Valders-Roan, unable to resist the charms of Lady Clare, had in the meanwhile been making some cautious overtures toward an acquaintance. He arched his mighty neck, rose on his hind legs, while his tremendous forehoofs were beating the air, and cut up generally--all for Lady Clare's benefit.
She, however, having regarded his performances for awhile with a mild and somewhat condescending interest, grew a little tired of them and looked out over the fiord, as a belle might do, with a suppressed yawn, when her cavalier fails to entertain her. Valders-Roan, perceiving the slight, now concluded to make more decided advances. So he put forward his nose until it nearly touched Lady Clare's, as if he meant to kiss her. But that was more than her ladyship was prepared to put up with. Quick as a flash she flung herself back on her haunches, down went her ears, and hers was the angriest horse's head that ever had been seen in that parish. With an indignant snort she wheeled around, kicking up a cloud of dust by the suddenness of the manoeuvre. A less skilled rider than Erik would inevitably have been thrown by two such unforeseen jerks; and the fact was he had all he could do to keep his seat.
"Oho!" shouted Garvestad, "your mare shies; she'll break your neck some day, as likely as not. You had better sell her before she gets you into trouble."
"But I shouldn't like to have your broken neck on my conscience," Erik replied; "if necks are to be broken by Lady Clare I should prefer to have it be my own."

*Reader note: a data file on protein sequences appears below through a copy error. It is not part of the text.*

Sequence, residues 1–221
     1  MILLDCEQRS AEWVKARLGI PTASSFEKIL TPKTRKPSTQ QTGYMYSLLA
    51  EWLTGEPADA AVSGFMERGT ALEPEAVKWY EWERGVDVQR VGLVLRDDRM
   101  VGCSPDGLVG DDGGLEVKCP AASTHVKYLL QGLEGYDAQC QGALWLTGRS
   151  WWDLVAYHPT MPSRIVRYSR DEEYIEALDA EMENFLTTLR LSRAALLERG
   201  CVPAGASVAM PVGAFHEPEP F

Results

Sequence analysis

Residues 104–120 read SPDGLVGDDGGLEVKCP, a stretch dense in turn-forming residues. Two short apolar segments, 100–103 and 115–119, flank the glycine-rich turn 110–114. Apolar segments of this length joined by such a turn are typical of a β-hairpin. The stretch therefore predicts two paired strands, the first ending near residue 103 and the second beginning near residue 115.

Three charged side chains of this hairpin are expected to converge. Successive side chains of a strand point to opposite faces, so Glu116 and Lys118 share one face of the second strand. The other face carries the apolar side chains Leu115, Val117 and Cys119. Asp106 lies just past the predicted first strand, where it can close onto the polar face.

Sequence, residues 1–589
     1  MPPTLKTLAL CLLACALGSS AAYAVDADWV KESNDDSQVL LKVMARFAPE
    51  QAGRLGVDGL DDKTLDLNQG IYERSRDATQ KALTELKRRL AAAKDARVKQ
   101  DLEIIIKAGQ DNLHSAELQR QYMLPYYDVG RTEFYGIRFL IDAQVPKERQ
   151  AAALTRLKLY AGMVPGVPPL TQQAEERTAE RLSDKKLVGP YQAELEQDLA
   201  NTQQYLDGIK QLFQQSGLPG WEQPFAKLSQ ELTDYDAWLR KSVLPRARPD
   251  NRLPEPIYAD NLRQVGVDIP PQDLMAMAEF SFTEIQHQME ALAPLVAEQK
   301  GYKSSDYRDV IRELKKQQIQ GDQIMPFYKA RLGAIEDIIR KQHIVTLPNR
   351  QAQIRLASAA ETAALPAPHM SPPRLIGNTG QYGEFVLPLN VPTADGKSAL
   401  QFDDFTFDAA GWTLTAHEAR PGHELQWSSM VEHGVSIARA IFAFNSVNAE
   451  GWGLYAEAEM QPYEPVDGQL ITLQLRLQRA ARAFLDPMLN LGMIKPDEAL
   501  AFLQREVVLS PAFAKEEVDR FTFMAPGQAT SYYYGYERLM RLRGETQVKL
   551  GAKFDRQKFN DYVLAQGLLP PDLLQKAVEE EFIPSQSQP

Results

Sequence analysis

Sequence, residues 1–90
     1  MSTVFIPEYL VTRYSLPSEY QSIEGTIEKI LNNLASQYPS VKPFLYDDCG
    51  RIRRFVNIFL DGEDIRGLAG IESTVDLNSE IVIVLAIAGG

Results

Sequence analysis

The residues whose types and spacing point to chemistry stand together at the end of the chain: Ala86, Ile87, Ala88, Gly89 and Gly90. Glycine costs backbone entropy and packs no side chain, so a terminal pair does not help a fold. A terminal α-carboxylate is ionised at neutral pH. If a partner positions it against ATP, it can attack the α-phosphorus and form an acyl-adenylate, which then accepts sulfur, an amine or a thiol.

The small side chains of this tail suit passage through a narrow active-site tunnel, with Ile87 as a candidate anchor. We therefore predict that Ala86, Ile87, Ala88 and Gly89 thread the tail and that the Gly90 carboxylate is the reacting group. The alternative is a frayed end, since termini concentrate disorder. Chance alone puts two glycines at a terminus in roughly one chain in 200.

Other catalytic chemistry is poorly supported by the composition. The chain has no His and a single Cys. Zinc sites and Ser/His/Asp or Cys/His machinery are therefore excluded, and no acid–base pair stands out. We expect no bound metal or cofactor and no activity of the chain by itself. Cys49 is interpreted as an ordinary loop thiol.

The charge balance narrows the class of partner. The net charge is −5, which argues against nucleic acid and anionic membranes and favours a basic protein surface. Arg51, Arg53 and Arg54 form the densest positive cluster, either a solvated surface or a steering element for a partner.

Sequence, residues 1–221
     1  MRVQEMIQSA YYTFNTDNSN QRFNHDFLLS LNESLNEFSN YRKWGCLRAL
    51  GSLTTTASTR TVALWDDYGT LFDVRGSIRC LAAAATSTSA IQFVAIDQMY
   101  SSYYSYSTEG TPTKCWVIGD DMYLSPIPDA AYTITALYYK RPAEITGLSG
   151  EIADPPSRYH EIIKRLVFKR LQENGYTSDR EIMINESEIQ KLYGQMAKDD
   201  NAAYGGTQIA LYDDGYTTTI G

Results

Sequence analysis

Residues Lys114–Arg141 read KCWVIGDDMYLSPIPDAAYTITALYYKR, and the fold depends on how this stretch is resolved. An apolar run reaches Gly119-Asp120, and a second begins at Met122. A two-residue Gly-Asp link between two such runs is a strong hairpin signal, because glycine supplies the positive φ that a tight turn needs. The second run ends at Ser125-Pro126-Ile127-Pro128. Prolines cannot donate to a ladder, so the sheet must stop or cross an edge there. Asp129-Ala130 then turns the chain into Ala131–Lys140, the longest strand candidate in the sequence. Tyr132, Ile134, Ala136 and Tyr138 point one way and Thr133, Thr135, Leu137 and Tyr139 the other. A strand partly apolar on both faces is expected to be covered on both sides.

The peasant was not clever enough to make out whether this was jest or earnest. With a puzzled frown he stared at the youth and finally broke out:
"Then you won't sell her at no price? Anyway, the day you change your mind don't forget to notify John Garvestad. If it's spondulix you are after, then here's where there's plenty of 'em."
He slapped his left breast-pocket with a great swagger, looking around to observe the impression he was making on his audience; then, jerking the bridle violently, so as to make his horse rear, he rode off like Alexander on Bucephalus, and swung down upon the highway.
It was but a few weeks after this occurrence that Captain Carstens and his son were invited to honor John Garvestad by their presence at his wedding. They were in doubt, at first, as to whether they ought to accept the invitation; for some unpleasant rumors had reached them, showing that Garvestad entertained unfriendly feelings toward them. He was an intensely vain man; and the thought that Erik Carstens had a finer horse than Valders-Roan left him no peace. He had been heard to say repeatedly that, if that high-nosed youth persisted in his refusal to sell the mare, he would discover his mistake when, perhaps, it would be too late to have it remedied. Whatever that meant, it sufficed to make both Erik and his father uneasy. But, on the other hand, it would be the worst policy possible, under such circumstances, to refuse the invitation. For that would be interpreted either as fear or as aristocratic exclusiveness; and the captain, while he was new in the district, was as anxious to avoid the appearance of the one as of the other. Accordingly he accepted the invitation and on the appointed day rode with his son into the wide yard of John Garvestad's farm, stopping at the pump, where they watered their horses. It was early in the afternoon, and both the house and the barn were thronged with wedding-guests. From the sitting-room the strains of two fiddles were heard, mingled with the scraping and stamping of heavy feet.